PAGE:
Qufu Jade Konrad Flex Nib Fountain Pen by Noodler's Ink® [piston fill]
The Noodler's Konrad Flex fountain pen has a flexible nib that can lay down standard lines or wetter artistic lines, which makes it ideal for both beginners and advanced fountain pen users. It is a piston-filling pen inspired by the state-of-the-art piston mechanisms engineered in Germany during the postwar period, when Germany was led by Chancellor Konrad Adenauer. The pen sports a classic 1950s style, with the simple body accented by the shiny clip and cap band. The feed and nib are original Noodler's designs. Unlike plastic feeds, the Konrad's hand-made ebonite feed can be heat-set to fit a multitude of vintage and contemporary nibs, and a seasoned user can adjust flow to suit his personal style. The nib is stainless steel tipped with platinum group metals, and the body is made of a biodegradable celluloid derivative which is warmer to the touch than regular plastic. This versatile pen is affordable and maintenance (for instance, cleaning the pen or replacing the seals) is a cinch. You can easily disassemble and reassemble it on your own and maintenance supplies can be found at a hardware store. Take this eco-friendly, user-friendly pen for a spin and see what you can do with it!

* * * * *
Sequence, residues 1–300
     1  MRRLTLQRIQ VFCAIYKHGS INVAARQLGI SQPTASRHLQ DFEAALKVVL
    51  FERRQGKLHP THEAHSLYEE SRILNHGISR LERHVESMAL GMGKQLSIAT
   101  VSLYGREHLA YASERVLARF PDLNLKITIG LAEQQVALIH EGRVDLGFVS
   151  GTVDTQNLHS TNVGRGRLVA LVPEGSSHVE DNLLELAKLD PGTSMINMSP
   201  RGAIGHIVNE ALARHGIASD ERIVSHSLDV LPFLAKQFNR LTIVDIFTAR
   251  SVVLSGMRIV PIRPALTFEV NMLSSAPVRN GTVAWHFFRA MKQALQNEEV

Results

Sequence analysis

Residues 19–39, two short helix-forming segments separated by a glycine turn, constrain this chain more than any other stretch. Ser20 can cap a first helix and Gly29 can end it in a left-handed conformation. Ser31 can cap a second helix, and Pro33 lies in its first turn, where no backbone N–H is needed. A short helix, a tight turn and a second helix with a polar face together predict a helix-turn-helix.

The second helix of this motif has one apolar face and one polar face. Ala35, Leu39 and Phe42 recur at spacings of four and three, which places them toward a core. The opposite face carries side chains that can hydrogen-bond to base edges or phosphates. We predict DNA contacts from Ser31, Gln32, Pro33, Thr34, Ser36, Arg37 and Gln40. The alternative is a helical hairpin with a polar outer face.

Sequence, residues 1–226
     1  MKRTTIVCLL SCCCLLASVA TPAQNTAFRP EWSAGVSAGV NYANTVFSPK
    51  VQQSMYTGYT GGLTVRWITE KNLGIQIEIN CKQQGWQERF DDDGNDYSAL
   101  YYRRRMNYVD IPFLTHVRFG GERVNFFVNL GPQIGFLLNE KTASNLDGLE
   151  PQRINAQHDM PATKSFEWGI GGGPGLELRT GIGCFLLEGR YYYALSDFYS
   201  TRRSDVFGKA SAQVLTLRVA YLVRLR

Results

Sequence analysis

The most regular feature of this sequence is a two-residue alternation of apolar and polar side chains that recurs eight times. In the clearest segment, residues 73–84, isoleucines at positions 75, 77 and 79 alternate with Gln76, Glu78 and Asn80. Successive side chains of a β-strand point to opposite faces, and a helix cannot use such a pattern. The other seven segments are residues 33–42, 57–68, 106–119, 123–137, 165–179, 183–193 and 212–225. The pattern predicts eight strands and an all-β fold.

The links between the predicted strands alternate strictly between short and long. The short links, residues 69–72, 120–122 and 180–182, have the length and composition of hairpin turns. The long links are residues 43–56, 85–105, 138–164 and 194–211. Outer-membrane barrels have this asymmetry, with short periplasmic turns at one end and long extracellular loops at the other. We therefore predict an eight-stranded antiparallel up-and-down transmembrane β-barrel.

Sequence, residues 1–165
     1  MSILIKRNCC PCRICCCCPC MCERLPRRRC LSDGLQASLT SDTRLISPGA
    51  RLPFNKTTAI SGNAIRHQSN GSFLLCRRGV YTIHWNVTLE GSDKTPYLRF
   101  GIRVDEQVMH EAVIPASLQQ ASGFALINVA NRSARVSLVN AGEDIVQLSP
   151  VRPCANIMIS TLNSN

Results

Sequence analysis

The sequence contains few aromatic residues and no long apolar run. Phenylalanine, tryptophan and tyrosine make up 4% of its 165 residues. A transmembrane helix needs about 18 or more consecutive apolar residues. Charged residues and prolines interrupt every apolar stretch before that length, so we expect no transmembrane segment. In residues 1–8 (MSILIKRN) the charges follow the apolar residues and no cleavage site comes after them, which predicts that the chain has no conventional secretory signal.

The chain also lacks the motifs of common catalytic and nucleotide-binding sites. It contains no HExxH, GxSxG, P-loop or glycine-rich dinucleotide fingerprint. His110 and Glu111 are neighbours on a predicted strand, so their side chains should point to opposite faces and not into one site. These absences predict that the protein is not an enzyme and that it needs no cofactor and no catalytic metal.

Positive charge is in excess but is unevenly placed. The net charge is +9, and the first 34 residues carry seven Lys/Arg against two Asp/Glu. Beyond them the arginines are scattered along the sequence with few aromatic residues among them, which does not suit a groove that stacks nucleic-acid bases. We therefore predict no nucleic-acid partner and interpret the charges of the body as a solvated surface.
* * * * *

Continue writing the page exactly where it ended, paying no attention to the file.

The "Konrad" series has a "screw-piston fill" mechanism and its size is between Nib Creaper and Ahab Flex series.
Genuine product from Noodler’s Ink. Buy from Authorized retail dealer only and with confidence. Brand new product, quality guaranteed by Noodler's Ink.
As a certified retailer for Noodler's Ink® I am able to only list their products at their recommended MSRP. Other certified retailers of this manufacturer are given the exact same guidelines. Should you see prices under the MSRP, I would caution you as to whether or not you are receiving an item from a certified retailer of this manufacturer. Purchasing items from non-certified retailers may invalidated your guarantee. However, only the manufacturer can address that issue with certainly. Remember buying below MSRP may not actually represent a "savings".